Mouth lacerations are a common cause of bleeding in children with all severities of hemophilia. Sonis and Musselman evaluated 132 patients with factor VIII–deficient hemophilia and noted that “persistent oral bleeding resulted in the diagnosis of 13.6% of all cases of hemophilia.”9 About 29% of cases of mild hemophilia observed were discovered as a result of bleeding from the oral cavity. Of the cases diagnosed secondary to oral bleeding, 78% were the result of bleeding from the maxillary frenum, and 22% resulted from tongue bleeds. Thus initial diagnosis of hemophilia, especially in moderate or mild disease, may directly involve the dentist.
The mainstay of therapy for hemophilia is replacement of the deficient coagulation factor, through the use of purified concentrates either manufactured through recombinant technology or from pooled plasma. In the past, whole blood, plasma, or cryoprecipitate was used for replacement therapy. Factor concentrates are advantageous as they are generally accessible, easily handled and stored, virally inactivated, and commonly result in consistent hemostatic results. The dosage, frequency of administration, and duration of therapy depend on the activity level required, the half-life of the procoagulant, the intervention or procedure contemplated, or the location and severity of the bleeding episode. The half-life of factor VIII is approximately 12 hours, whereas for factor IX it is approximately 18 hours.10
Factor VIII concentrate is used for treatment of hemophilia A. Vials of factor concentrate are labeled with the number of international activity units contained, where 1 IU is the amount of activity of the procoagulant present in 1 mL of normal plasma. For routine hemorrhagic episodes, such as early joint, soft tissue, and oral bleeds, a one-time correction to approximately a level of 40% to 50% will achieve hemostasis and resolution of the bleeding episode. For mild factor VIII–deficient hemophilia, DDAVP (1-deamino-8-d-arginine vasopressin) (Sanofi-Aventis, Bridgewater, NJ) may be used for minor hemorrhagic episodes to achieve hemostasis. DDAVP (desmopressin acetate) is a synthetic analogue of the natural pituitary hormone 8-arginine vasopressin (antidiuretic hormone) affecting renal water conservation. This drug, when given intravenously, subcutaneously, or intranasally (Stimate) causes a rise in factor VIII activity and VWF through release from stored sites in endothelial cells, often to the hemostatic range. An appropriate rise in factor VIII activity to hemostatic levels should be documented for any given patient before therapeutic use of this agent, because response may vary among individuals. Peak levels are obtained approximately 1 hour after administration via intravenous and subcutaneous routes and 90 minutes after administration intranasally. The intranasal form of this medication, which is used to treat patients with bleeding disorders, has a more concentrated form of DDAVP compared with the preparation used to treat diabetes insipidus or enuresis. Therefore this preparation should be written for brand name only or in conjunction with the stated concentration of 1.5 mg/mL of desmopressin acetate. Repeated administration of DDAVP may result in tachyphylaxis, a reduction in expected response with sequential dosing due to depletion of storage sites. Use of DDAVP to treat hemorrhagic disorders may also be associated with water retention, hyponatremia, and rarely seizures; therefore monitoring of electrolytes may be required in some circumstances, especially in surgical situations.11–13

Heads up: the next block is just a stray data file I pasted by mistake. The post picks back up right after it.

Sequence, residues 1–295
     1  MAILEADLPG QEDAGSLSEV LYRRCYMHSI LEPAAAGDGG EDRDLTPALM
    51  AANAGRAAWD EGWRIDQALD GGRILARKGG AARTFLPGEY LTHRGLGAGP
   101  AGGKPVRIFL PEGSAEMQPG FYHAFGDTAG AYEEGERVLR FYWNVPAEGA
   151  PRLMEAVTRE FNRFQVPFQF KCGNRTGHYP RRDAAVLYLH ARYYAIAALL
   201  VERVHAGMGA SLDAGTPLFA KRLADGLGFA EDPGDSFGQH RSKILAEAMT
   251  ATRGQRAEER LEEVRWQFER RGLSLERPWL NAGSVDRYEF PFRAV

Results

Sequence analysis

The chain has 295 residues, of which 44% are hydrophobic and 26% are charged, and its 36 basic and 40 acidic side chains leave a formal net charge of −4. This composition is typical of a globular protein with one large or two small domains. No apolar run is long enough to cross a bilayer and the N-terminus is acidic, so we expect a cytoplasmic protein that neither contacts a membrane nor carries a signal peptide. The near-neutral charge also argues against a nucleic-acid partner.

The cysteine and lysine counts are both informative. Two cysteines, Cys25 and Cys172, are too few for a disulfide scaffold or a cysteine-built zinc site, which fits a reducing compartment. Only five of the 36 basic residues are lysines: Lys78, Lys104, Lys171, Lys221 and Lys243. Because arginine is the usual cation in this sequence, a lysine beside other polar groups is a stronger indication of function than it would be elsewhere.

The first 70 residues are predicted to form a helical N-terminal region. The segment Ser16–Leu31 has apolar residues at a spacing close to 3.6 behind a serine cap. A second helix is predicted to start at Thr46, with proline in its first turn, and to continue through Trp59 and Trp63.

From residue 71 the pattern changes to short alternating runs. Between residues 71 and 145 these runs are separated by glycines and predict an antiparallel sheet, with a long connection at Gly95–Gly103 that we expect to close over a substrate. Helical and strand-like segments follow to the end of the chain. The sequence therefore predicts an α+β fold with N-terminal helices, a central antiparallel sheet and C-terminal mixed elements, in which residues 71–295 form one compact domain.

Factor IX–deficient hemophilia is treated with purified coagulation factor IX concentrate (monoclonal and recombinant). In the past, less pure products in the class of prothrombin complex concentrate (PCC) were used. PCCs contained other vitamin K–dependent coagulation factors in addition to factor IX, including some activated forms of these procoagulants. Individuals who require high doses or repeated infusions of PCC are at risk for development of disseminated intravascular coagulation and thrombosis. The minimal desired level for hemostasis is the same for factor IX as for factor VIII (40%). However, the number of units required to achieve that level is different as the volume of distribution of plasma-derived factor IX (1.0) is greater than that for factor VIII (0.5). The volume of distribution of recombinant factor IX is greater than that of plasma-derived factor IX (estimated minimum volume of 1.2 compared with 1, respectively, whereas in infants and young children a minimum volume of distribution of 1.4 should be used for dose calculation). Because interindividual variability of volume of distribution is wide, measurement of activity levels may be required to document a hemostatic level.14–17
Clotting factor concentrates are administered in different regimens depending on the patient’s level of severity, number of bleeding episodes, and the treating physician’s recommendations. Treatment regimens may be divided into replacement therapy administered after a bleeding episode has occurred (on-demand therapy) or as administered on a regular scheduled basis to prevent or suppress bleeding episodes (prophylaxis). Prophylactic regimens are further subdivided into primary and secondary. Primary prophylaxis is a long-term treatment for prevention of joint disease instituted before or after minimal hemarthrosis has occurred; secondary prophylaxis may be long or short term, but is instituted after hemarthrosis has occurred or to interrupt a bleeding pattern to rest a joint. Primary prophylactic therapy has been shown in a prospective randomized study to be the most effective regimen to prevent joint disease in patients with severe hemophilia and is now considered the standard of care for these patients.18 Therefore dental care providers should schedule dental evaluations and interventions on regularly planned infusion days, whereas patients treated with on-demand regimens require discussion regarding the need to administer replacement therapy specifically for dental interventions. Patients using regimens of prophylaxis may have a central venous catheter placed due to the need for frequent venous access. The use of antibiotic prophylaxis to protect the central venous access device may be considered although is not recommended by the Centers for Disease Control and Prevention (see Antibiotic Prophylaxis in the section on Dental Management).